It had been about three years since I'd played that copy at my friends' house. I'd moved away from them at that point. I was living in a whole new city, with new friends, alien surroundings, and the growing realization that my parents' marriage sucked. By chance, at my local EB Games, I stumbled across a copy of Sonic Heroes for the PlayStation 2. I remembered loving it, because I remembered loving Sonic, and I hadn't played a Sonic game since then. I picked it up for fifteen bucks or so, went home, and sat down expecting to waste away an afternoon with a lifelong pal in games.

About thirty minutes in, I was ready to smash my controller to bits. Sonic slipped and slid off of ledges with the smallest jerk of an analog stick. Characters screeched and grunted with voice acting that was painful to listen to. Floors and walls seemed like an arbitrary concept, considering I could fall through them at a moment's notice. All of this was coupled with all the good memories I had with the game - waking up before my friends and playing their GameCube, arguing over whose turn it was, cheering for each other when something cool happened. I remembered this game being so much more. I remembered it feeling epic. I remembered it feeling like how Sonic should feel.

The whole time, it was just garbage.

But it couldn't be, right? Since that day, I've actually played every possible version of Sonic Heroes, just to see if I could recapture that early love for it. Some people insist that the PS2 version is outright inferior, and the other versions are great. So I've purchased and played all of them - even the PC version. I thought that if I could find the right version, I could finally love the game. If I played the right port, I could see why some people think it's the best 3D Sonic game.

The result? Yeah, no, still the same. Sonic Heroes is a bad game. A very bad one, in fact, and easily my least favorite 3D entry. As soon as the opening cutscene ends, it's all downhill. The nicest thing I can say is that the visuals are good for their time and that the music is good. Everything else about it is just bad, bad, bad. It's a fundamentally broken game across all platforms, although if you are going to play it, the GameCube version is less prone to breaking than all the other versions. I still would say that avoiding it's for the best though. It has some of the worst level designs in the entire franchise. It's a cobbled-together technical mess. Rail Canyon is a waking nightmare.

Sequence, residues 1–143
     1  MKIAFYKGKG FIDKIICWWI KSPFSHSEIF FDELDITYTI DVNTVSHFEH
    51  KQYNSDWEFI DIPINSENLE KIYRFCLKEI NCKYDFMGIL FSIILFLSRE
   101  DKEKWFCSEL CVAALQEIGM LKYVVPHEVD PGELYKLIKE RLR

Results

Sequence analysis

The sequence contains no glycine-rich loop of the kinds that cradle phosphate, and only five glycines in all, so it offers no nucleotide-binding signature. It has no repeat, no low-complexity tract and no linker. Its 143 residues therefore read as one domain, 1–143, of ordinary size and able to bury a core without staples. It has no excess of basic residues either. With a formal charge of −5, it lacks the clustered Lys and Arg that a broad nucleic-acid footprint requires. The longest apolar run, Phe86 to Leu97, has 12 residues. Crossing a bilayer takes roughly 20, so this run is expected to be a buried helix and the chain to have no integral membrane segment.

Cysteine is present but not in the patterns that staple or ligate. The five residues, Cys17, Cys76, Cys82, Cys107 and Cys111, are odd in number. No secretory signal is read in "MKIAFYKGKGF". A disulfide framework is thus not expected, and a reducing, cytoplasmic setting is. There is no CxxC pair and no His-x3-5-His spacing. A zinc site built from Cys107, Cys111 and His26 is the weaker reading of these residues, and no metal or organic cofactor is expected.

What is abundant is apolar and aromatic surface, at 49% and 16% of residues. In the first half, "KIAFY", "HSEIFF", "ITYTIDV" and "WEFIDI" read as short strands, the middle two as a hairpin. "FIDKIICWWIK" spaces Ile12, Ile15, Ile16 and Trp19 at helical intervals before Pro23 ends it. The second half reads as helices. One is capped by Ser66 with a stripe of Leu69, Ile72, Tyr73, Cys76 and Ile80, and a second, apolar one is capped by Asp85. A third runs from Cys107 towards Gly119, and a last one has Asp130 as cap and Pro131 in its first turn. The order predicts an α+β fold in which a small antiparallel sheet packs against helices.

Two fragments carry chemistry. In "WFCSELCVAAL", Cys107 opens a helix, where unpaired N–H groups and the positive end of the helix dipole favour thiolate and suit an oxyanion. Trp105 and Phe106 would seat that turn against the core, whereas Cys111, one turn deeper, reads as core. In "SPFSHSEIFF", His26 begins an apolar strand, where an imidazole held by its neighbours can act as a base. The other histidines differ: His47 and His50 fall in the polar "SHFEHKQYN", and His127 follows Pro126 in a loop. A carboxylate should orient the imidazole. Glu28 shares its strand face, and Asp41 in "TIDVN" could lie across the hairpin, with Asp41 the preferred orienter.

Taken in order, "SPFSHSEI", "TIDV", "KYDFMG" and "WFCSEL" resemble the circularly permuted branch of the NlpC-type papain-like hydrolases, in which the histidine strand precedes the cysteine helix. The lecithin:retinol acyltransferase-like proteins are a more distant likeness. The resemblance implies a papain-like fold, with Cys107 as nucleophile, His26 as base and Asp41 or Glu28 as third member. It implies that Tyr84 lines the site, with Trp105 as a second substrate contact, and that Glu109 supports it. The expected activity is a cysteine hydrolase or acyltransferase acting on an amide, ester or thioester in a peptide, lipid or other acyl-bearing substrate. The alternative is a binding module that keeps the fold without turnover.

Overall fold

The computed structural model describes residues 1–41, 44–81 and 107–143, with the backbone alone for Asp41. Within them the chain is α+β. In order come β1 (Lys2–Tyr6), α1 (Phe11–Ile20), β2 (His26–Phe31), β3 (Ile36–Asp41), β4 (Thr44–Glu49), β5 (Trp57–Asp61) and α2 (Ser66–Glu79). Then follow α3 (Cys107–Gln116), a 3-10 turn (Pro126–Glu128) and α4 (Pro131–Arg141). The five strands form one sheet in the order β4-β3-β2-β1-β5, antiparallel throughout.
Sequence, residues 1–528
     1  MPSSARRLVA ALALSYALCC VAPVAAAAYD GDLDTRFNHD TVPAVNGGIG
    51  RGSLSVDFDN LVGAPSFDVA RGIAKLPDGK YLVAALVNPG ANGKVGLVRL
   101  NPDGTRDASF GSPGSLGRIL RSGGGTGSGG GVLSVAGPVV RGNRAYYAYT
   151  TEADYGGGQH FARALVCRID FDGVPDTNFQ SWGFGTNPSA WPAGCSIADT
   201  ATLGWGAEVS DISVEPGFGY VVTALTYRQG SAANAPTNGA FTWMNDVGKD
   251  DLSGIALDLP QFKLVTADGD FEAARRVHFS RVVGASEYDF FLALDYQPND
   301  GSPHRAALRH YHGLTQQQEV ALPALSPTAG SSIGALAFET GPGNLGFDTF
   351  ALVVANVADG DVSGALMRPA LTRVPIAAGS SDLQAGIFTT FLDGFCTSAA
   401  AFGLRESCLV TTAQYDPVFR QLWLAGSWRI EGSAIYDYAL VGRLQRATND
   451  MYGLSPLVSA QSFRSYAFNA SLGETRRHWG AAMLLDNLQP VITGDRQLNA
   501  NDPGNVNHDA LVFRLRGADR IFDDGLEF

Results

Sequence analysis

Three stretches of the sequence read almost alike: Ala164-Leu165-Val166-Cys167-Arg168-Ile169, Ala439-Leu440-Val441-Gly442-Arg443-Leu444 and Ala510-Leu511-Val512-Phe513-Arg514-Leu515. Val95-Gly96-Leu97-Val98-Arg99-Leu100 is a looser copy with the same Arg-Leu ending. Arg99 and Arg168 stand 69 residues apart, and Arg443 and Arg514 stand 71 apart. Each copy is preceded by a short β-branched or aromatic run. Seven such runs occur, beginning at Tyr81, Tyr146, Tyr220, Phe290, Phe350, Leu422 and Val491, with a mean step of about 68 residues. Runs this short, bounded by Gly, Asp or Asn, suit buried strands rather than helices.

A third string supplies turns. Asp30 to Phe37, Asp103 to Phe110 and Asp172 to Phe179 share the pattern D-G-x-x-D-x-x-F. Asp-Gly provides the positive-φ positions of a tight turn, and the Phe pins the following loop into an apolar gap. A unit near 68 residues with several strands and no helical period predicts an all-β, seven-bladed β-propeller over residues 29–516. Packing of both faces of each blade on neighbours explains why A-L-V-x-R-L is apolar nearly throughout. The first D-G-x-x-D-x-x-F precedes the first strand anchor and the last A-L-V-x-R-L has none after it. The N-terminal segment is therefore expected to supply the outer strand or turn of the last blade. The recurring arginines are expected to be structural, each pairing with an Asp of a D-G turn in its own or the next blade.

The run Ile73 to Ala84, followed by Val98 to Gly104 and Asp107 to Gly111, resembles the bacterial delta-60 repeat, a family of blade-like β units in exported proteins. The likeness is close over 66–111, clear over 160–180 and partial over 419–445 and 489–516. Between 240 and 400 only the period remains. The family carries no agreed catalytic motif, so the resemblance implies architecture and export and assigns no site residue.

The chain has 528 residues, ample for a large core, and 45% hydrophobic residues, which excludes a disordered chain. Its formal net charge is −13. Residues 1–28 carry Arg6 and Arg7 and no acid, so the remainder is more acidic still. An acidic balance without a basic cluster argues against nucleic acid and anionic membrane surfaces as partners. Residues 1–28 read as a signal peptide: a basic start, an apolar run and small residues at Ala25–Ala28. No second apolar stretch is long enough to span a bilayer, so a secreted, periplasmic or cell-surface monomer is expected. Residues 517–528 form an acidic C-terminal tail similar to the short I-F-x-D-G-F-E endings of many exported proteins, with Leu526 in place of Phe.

And the voice acting. Christ. The voice acting. This was pre-4Kids, so Heroes just says "fuck it" and throws in some of the absolute worst, bottom-of-the-barrel talent they could find. Tails was played by an actual child, for christ's sake. At least Ryan Drummond's still in this one, so that's nice. He was a pretty good Sonic, although I legit think Roger Craig Smith is the dopest one yet. Just my opinion. Anyway. What's weird is that a lot of the performers here have done good work elsewhere. This must have been cranked out in an afternoon.

I could go on. But I think the main takeaway is this: if Sonic Adventure 2 was Sonic Team phoning it in for an inoffensive Hail Mary, Sonic Heroes was them scraping the bottom of the barrel to crank out more Sonic for kids. The story is pitiful. It's no fun to play, whenever you can actually play it without the game just wresting control from you. Those two things can only be experienced, though, when the game isn't straight-up breaking, which happens on a consistent basis.

Unfortunately, Sonic Heroes set a precedent. It started the troubling trend of the series experimenting with new mechanics, fucking them up, then never trying them again. Sonic, in recent years, has gained a reputation for an overall lack of consistency, and that started here. The game's central gimmick, which sees players controlling three characters at once and changing formations depending on the area, was never revisited in subsequent iterations. Now, granted, that's probably for the best - it's a bad system. But some people liked it, and I do think that with some polish, it could've found its way into a better game. Yet it was tossed out the window, like so many systems introduced for one game only, in favor of something entirely different in the next one. Pre-Heroes, you basically knew what you were getting into with a mainline Sonic game. After 2004, though, things started getting dicey for the blue blur. From then on out, Sonic was a wild card, cutting the brakes and seeing what happened from game to game.

That is, when he was even involved. To follow up Heroes, which sold remarkably well in spite of being horrible garbage, Sega got the wise idea to not even have Sonic star in the next main entry. Outside of an ancillary side-role, that is. Because in a post-Sonic Adventure 2 world, the Sonic fanbase had a fever.

The only prescription? Shadow the Hedgehog.

Next Time


Here we go, buddy, here we go, buddy, here we go, here we go, buddy, here we go.